I have a few recipes for quick breads that I make when Ineed something hearty to accompany a main course but don’t want to prepare potatoes, rice or another starch. These breads don’t contain yeast, obviously, because it would take too long for the dough to rise. The scones and cornbread make a great base for a picnic lunch: pack them along with salads, charcuterie, cheese and fruit for a quick and easy meal.

Cheddar and spring-onion scones

This is a recipe from the first bakery I worked at, in San Francisco. The bakery is closed now but I still use some of the recipes, with the savoury scone being one of my favourites.

Because I like consistency, I really dislike scones (and many other baked goods) that are rolled out before being cut into rounds with a cookie cutter. After cutting out the first batch of scones, recipes will advise you to gather the scraps and then re-roll them. The problem is that the second batch, using the re-rolled scraps – is not as tender as the first. Sometimes this can’t be helped – when you’re making individual-serving tarts, for instance, because it would be a lot more work to roll out each small shell one by one. But with scones of all types, I make them into squares (by rolling the dough into a rectangle then cutting them into individual pieces) or sectors (by patting the dough into discs then cutting them into wedges). This way, there aren’t any scraps of dough left to re-roll, so all of them should be equally flaky and tender.

390 grams plain (all-purpose) flour
½ tsp fine sea salt
2½ tsp baking powder
½ tsp baking soda
170 grams unsalted butter, chilled
45 grams grainy mustard
115 grams cheddar cheese, grated
70 grams spring onions, sliced about 3mm thick
245ml buttermilk, chilled (I use 20ml dried buttermilk powder mixed with 225ml cold water)
1 egg

Put the flour and salt into a medium-sized bowl. Sieve the baking powder and baking soda directly on top and mix thoroughly. Cut the butter into 1cm chunks and add them to the bowl. Mix so the flour mixture coats the chunks of butter. Use your fingertips to pinch the chunks of butter into smaller pieces, breaking them up until they are about the size of peas. Mix in the mustard, cheese and spring onions. Add about 225ml of the buttermilk and mix with your fingertips to make a damp (but not wet and sticky) dough with just a few dry patches. If the dough is too dry, drizzle in the remaining buttermilk. Turn the dough onto a very lightly floured work surface and pat it with your hands into a rectangle that’s about 30cm x 15cm. Fold the dough in half so it’s a 15cm square. Refrigerate for about 15 minutes while preheating the oven to 225 degrees Celsius.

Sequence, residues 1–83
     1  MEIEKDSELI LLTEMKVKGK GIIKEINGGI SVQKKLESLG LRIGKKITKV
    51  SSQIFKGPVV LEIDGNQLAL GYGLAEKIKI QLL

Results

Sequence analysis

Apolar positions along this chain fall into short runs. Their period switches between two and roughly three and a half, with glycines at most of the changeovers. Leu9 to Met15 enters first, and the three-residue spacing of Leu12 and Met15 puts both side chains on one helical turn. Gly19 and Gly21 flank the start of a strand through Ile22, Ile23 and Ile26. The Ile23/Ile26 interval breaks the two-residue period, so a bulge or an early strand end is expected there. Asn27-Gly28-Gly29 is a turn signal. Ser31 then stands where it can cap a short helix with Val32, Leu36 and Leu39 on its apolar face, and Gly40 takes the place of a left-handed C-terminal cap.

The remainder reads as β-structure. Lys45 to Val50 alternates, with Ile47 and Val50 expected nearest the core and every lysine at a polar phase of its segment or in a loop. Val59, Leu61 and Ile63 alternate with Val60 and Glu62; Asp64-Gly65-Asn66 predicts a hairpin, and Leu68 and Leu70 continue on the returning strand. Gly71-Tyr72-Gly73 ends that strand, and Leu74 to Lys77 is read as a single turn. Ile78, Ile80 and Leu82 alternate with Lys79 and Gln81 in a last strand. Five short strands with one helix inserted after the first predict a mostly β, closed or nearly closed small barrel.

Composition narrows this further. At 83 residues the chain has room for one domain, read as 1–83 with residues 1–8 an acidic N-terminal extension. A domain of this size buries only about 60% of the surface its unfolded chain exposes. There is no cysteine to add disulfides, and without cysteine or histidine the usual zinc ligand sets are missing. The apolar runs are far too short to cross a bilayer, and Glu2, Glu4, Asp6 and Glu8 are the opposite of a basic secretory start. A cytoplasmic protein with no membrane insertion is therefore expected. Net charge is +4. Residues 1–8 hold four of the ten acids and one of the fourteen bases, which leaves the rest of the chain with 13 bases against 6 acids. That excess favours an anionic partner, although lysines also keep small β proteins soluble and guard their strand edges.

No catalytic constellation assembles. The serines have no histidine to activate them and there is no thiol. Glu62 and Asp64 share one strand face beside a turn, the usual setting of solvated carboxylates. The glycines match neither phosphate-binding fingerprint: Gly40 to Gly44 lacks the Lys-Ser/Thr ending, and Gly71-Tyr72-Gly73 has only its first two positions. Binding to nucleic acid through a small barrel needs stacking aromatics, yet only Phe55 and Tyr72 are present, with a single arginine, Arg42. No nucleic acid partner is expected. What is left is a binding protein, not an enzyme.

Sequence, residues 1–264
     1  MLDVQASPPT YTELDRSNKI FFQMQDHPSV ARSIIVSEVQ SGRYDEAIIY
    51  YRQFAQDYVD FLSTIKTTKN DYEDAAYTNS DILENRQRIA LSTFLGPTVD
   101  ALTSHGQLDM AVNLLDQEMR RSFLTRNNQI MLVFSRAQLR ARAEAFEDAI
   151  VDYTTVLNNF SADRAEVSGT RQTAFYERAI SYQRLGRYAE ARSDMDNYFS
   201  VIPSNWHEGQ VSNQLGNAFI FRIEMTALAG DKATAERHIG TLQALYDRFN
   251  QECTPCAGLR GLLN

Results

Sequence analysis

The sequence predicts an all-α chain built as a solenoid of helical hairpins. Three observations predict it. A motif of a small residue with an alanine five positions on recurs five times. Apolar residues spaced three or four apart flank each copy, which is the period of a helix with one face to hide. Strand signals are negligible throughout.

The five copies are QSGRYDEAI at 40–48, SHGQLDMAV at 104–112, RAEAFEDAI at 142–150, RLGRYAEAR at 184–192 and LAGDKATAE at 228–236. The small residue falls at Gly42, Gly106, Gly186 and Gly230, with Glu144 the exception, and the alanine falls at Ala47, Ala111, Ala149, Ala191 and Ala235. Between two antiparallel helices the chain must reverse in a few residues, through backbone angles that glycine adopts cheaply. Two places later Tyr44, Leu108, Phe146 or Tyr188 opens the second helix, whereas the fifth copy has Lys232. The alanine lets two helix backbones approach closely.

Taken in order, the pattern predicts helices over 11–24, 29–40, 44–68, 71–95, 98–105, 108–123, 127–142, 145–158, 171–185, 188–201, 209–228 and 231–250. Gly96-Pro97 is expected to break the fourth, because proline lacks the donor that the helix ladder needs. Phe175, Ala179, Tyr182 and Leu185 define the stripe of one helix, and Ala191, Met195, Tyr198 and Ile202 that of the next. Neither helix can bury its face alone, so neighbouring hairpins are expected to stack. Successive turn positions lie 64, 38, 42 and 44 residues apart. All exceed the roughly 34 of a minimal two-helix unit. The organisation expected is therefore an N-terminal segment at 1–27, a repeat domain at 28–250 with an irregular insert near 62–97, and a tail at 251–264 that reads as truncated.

Put the dough on the very lightly floured work surface and sprinkle with a little flour – just enough so the rolling pin doesn’t stick. Roll out the dough to a 25cm x 20cm rectangle, trying to make the edges as straight as possible. Use a long, sharp knife to cut the rectangle of dough into 20 squares of 5cm each (I use a ruler to make sure it’s precise). If you prefer, you can divide the dough into three or four even pieces, then use your hands to pat each piece of dough into a disc that’s about 1.5cm thick. Use a sharp knife to cut each disc into six sectors.

However you shape the dough, lay the scones on a baking sheet that’s been lined with parchment paper, leaving about 1.5cm of space between each one. Whisk the egg with 20ml of cold water and brush lightly over each scone. Bake at 225 degrees for 15 minutes, then turn the heat to 200 degrees and continue to bake until done: the scones are ready when they are fragrant, brown on the surface, light and lift easily (without sticking) from the pan.

Cornbread with cheddar cheese, corn kernels and pickled jalapenos

Pickled jalapeno chillies are sold in jars or cans at supermarkets such as City’super, Oliver’s and Great.

115 grams coarse cornmeal
100 grams plain (all-purpose) flour
15 grams granulated sugar
½ tsp fine sea salt
1½ tsp baking powder, sieved
½ tsp baking soda, sieved
60 grams unsalted butter
15 grams honey
180ml whole milk
1½ tsp fresh lemon juice
1 large egg
50 grams sour cream
60 grams corn kernels (fresh [blanched], frozen or canned)
100 grams cheddar cheese, grated
Pickled jalapenos, to taste, drained, patted dry then roughly chopped

Preheat the oven to 180 degrees. Use pan coating to lightly spray a 15cm-square baking pan (or another with a square area of about 225cm).

Put the cornmeal, flour, sugar, salt, baking powder and baking soda in a large bowl and use a whisk to thoroughly combine the ingredients.

Put the butter in a small saucepan, place it over a low flame and heat until melted. Stir in the honey then cool to lukewarm. Pour the milk into a measuring cup, add the lemon juice and stir – the mixture will curdle. Whisk the egg in a bowl, then add the sour cream and whisk until smooth. Stir in the milk/lemon juice and butter/honey mixtures. Pour the liquid ingredients over the dry ingredi­ents. Use a wooden spoon to stir until the ingredients are just combined – do not overmix; the mixture will be slightly lumpy. Add the corn, cheddar cheese and jalapenos and stir, then scrape the mixture into the prepared pan. Bake at 180 degrees for about 25 minutes, or until the cornbread is fragrant and pale golden; when you touch the surface with your fingertip, it should spring back, without leaving an indentation.

Cool the bread to lukewarm before cutting into pieces.